Planting cottonwoods in harsh California environments-concepts, practice, and lessons learned

Year: 2023
Presenter/s: John Bair
Symposium Session: 2023 - 10 Charismatic Megaflora: Cottonwoods Restoration
Topics covered: adaptive management and monitoring, california, cottonwoods, dredged rivers, lessons learned, and riparian


Many large rivers in Northern and Central California were transformed through hydraulic mining, dredge mining, and streamflow regulation. Cottonwood trees are a component of the riparian forest and were once far more abundant. Alluvial valleys were turned over by mining activities, leaving coarse unsorted materials, disconnected from subsurface and surface hydrology. Remaining mine tailings are often barren, sometimes rising more than 25 ft above the river.
Physical reconstruction of tailings and vegetative planting have been used to rehabilitate dredger mined rivers with varying success. Removing and lowering dredger tailing piles below the 1-yr recurrence interval flood to increase annual inundation frequency and duration has been a primary factor in successful recovery of riparian function and increasing planting survival. Lowering dredger tailings creates better access to shallow groundwater for plantings and is more likely to restore physical and hydrologic conditions where passive vegetation recruitment can occur. Once tailings have been lowered, cottonwoods are ideal candidates to plant because they are easy to grow from cuttings and grow into a largest deciduous tree.

Cuttings can be made at any time of the year but require handling and management during creation, soaking, and planting. Cuttings are less prone to scour mortality than container stock due to their deep planting, they typically cost less to make, and do not require irrigation after the project if they are already planted into a perennial water source. Cuttings tend to be most successful if they are quickly transported and placed in a pond or wide trench with water in it, then placed into a trench or hole with 2/3 their length in water. Depending on the time of year, cuttings can start to grow roots or rot if soaked too long; therefore, cuttings need to be planted quickly after a 7-to-14-day soaking period. Our most successful summer cottonwood plantings have been installed with an excavator that digs a hole to groundwater. Excavator planting creates irregular patterns and microtopography. Six or more cottonwood cuttings are placed around the perimeter of the hole into visible groundwater and the hole backfilled. Additional water is pumped into the hole as it is backfilled to ensure good cutting contact with fine sediment washed into the hole during backfilling. If planted during the summer, sprinklers are set up and clusters of cuttings are irrigated until the rainy season or construction ends.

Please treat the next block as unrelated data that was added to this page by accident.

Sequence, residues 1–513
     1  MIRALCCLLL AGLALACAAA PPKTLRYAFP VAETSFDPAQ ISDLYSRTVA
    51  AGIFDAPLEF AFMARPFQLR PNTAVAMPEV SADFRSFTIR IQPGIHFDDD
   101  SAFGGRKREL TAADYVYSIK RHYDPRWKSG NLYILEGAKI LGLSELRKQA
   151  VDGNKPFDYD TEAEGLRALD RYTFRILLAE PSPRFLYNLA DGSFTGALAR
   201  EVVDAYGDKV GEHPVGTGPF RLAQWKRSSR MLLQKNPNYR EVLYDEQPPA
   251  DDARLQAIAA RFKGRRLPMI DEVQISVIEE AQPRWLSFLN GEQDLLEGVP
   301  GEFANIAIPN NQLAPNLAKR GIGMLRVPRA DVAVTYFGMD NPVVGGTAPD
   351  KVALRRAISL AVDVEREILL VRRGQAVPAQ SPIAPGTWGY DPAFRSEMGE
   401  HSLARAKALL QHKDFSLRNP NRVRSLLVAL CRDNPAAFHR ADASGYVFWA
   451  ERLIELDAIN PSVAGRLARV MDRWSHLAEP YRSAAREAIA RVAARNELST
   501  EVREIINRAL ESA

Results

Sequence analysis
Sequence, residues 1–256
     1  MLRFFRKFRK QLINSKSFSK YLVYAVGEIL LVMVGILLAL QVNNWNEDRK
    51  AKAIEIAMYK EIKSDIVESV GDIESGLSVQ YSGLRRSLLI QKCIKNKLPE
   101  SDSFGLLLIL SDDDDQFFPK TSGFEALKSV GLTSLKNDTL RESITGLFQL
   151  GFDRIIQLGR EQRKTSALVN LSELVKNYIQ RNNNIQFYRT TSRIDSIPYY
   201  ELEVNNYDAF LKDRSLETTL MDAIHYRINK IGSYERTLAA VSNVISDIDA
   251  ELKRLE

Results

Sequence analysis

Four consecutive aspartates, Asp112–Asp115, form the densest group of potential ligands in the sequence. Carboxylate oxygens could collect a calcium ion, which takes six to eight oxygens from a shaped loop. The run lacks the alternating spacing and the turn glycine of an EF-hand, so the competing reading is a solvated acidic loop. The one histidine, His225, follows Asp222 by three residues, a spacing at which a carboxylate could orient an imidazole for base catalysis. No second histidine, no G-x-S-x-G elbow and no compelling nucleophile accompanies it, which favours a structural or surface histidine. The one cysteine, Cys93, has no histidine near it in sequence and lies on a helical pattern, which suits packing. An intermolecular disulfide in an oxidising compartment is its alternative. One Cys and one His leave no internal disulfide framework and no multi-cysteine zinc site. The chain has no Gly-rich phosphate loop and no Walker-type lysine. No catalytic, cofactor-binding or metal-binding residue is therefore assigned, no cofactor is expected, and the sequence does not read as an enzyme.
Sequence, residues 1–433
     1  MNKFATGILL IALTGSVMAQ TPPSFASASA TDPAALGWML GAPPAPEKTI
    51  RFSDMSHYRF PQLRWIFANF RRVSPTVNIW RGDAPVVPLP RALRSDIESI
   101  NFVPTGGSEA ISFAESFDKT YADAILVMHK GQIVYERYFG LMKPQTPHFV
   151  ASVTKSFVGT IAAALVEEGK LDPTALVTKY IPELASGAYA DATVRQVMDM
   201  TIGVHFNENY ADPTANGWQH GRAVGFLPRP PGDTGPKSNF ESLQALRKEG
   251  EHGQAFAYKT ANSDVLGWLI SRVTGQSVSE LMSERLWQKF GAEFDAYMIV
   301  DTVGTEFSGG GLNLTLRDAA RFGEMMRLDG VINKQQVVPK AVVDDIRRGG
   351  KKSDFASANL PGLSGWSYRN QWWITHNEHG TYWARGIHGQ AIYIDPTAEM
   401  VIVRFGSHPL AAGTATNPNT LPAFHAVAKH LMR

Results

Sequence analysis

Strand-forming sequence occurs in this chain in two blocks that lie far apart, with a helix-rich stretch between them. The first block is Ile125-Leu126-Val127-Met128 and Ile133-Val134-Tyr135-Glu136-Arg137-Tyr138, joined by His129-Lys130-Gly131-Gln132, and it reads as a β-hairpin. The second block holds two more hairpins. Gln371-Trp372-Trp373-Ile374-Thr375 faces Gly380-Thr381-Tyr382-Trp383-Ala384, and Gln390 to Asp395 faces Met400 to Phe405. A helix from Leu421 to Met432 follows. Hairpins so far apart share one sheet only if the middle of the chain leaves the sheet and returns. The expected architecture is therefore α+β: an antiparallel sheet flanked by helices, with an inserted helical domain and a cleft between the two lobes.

Cottonwood cutting handling and planting methods have had the greatest effect on survival. Initially cuttings were not soaked and had a 20 to 40% survival rate; however, when cuttings were soaked, survival rate increased to 60 to 90%. Clusters of cottonwood cuttings planted into late season shallow groundwater has been the most successful method. One or more cuttings are expected to survive in each cluster, with an average post-project survival of 60 to 70% without follow-up maintenance or irrigation. These planting methods, when combined with mechanical lowering of dredger tailings to increase hydrologic connectivity have led to the greatest revegetation survival and tailing recovery.